(a) In general
The Director of the Institute shall expand and intensify research and related activities of the Institute with respect to lupus.
(b) Coordination with other institutes
The Director of the Institute shall coordinate the activities of the Director under subsection (a) with similar activities conducted by the other national research institutes and agencies of the National Institutes of Health to the extent that such Institutes and agencies have responsibilities that are related to lupus.
(c) Programs for lupus
In carrying out subsection (a), the Director of the Institute shall conduct or support research to expand the understanding of the causes of, and to find a cure for, lupus. Activities under such subsection shall include conducting and supporting the following:
(1) Research to determine the reasons underlying the elevated prevalence of lupus in women, including African-American women.
(2) Basic research concerning the etiology and causes of the disease.
(3) Epidemiological studies to address the frequency and natural history of the disease and the differences among the sexes and among racial and ethnic groups with respect to the disease.
(4) The development of improved diagnostic techniques.
(5) Clinical research for the development and evaluation of new treatments, including new biological agents.
(6) Information and education programs for health care professionals and the public.
2007—Subsec. (d). Pub. L. 109–482 struck out heading and text of subsec. (d). Text read as follows: "For the purpose of carrying out this section, there are authorized to be appropriated such sums as may be necessary for each of the fiscal years 2001 through 2003."
Effective Date of 2007 Amendment
Amendment by Pub. L. 109–482 applicable only with respect to amounts appropriated for fiscal year 2007 or subsequent fiscal years, see section 109 of Pub. L. 109–482, set out as a note under section 281 of this title.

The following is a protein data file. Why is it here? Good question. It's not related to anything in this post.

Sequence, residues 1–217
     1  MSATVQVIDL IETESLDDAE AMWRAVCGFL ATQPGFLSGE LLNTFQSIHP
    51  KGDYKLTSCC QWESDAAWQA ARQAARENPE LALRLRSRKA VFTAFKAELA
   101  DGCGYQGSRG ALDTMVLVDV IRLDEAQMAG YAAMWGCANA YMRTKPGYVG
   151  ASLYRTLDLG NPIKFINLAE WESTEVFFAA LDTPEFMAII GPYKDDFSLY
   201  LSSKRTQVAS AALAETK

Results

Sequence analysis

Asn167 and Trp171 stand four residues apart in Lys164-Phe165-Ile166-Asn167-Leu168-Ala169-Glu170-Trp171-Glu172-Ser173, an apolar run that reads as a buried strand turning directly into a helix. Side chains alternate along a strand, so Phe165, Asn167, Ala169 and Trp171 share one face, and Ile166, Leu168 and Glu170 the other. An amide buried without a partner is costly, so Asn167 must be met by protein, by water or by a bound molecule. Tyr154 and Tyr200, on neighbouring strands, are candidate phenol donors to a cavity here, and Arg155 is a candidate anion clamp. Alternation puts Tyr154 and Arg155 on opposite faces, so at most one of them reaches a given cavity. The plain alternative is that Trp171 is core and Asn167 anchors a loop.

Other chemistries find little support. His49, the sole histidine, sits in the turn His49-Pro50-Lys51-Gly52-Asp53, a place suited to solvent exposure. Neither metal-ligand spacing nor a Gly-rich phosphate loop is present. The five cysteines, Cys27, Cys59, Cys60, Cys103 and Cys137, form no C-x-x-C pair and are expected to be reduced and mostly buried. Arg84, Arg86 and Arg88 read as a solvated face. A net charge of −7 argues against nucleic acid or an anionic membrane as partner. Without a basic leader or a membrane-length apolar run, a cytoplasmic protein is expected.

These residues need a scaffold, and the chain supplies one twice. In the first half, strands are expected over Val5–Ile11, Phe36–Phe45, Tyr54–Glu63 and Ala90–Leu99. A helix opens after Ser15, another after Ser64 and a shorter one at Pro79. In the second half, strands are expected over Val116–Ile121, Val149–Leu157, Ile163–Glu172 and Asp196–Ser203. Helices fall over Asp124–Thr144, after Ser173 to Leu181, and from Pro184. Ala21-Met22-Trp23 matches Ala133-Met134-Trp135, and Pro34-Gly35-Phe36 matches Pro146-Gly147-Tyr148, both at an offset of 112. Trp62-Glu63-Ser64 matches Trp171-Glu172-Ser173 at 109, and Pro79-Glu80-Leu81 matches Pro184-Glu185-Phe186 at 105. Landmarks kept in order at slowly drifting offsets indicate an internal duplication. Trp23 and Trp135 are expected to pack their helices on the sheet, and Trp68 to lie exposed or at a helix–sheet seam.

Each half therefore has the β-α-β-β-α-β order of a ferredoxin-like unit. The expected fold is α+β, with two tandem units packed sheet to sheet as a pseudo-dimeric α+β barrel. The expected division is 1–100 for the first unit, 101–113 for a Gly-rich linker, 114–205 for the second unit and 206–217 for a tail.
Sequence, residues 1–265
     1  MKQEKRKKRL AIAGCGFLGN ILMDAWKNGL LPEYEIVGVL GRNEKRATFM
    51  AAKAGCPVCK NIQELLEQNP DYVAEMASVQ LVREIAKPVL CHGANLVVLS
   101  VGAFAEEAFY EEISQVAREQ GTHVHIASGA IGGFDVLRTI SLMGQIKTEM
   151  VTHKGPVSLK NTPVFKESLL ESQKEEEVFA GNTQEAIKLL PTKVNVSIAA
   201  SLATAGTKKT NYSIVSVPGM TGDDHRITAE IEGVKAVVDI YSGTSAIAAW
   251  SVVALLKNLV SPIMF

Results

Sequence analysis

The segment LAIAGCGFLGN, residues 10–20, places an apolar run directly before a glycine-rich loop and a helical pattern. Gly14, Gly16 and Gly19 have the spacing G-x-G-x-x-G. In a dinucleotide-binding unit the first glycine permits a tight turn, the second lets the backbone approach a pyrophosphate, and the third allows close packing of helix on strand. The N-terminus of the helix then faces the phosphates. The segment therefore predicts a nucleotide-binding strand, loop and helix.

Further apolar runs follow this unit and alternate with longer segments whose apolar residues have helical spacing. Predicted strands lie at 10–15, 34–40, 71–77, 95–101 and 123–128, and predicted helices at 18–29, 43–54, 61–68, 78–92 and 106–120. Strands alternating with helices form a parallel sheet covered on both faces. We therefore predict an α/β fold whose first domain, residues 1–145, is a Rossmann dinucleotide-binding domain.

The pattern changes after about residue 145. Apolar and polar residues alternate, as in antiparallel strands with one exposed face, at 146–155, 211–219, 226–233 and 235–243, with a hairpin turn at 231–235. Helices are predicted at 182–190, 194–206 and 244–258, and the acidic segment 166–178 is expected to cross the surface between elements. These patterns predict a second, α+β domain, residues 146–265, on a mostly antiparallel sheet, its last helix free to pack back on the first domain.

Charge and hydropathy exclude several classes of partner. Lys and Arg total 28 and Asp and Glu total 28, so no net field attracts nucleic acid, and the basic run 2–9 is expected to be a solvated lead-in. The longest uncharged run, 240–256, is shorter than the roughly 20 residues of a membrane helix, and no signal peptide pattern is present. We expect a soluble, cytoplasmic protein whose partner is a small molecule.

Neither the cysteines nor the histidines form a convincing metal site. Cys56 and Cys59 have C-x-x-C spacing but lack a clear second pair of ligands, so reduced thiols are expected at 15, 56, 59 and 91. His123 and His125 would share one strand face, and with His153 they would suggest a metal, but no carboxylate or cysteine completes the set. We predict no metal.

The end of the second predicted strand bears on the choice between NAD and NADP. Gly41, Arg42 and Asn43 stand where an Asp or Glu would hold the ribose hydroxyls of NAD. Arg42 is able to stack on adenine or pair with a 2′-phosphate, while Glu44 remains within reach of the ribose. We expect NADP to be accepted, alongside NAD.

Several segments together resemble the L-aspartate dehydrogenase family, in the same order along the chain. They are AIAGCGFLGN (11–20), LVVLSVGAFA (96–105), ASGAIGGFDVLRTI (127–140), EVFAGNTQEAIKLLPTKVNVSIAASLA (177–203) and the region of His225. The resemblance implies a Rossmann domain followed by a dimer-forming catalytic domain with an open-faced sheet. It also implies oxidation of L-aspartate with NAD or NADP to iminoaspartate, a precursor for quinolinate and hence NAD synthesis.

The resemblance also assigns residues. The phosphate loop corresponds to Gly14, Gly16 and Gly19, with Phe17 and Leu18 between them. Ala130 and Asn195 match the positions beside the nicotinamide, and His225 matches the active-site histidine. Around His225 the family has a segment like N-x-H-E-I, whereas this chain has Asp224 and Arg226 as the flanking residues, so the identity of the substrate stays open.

Pub. L. 106–505, title V, §502, Nov. 13, 2000, 114 Stat. 2342, provided that: "The Congress finds that—
"(1) lupus is a serious, complex, inflammatory, autoimmune disease of particular concern to women;
"(2) lupus affects women nine times more often than men;
"(3) there are three main types of lupus: systemic lupus, a serious form of the disease that affects many parts of the body; discoid lupus, a form of the disease that affects mainly the skin; and drug-induced lupus caused by certain medications;
"(4) lupus can be fatal if not detected and treated early;
"(5) the disease can simultaneously affect various areas of the body, such as the skin, joints, kidneys, and brain, and can be difficult to diagnose because the symptoms of lupus are similar to those of many other diseases;
"(6) lupus disproportionately affects African-American women, as the prevalence of the disease among such women is three times the prevalence among white women, and an estimated 1 in 250 African-American women between the ages of 15 and 65 develops the disease;
"(7) it has been estimated that between 1,400,000 and 2,000,000 Americans have been diagnosed with the disease, and that many more have undiagnosed cases;
"(8) current treatments for the disease can be effective, but may lead to damaging side effects;
"(9) many victims of the disease suffer debilitating pain and fatigue, making it difficult to maintain employment and lead normal lives; and
"(10) in fiscal year 1996, the amount allocated by the National Institutes of Health for research on lupus was $33,000,000, which is less than one-half of 1 percent of the budget for such Institutes."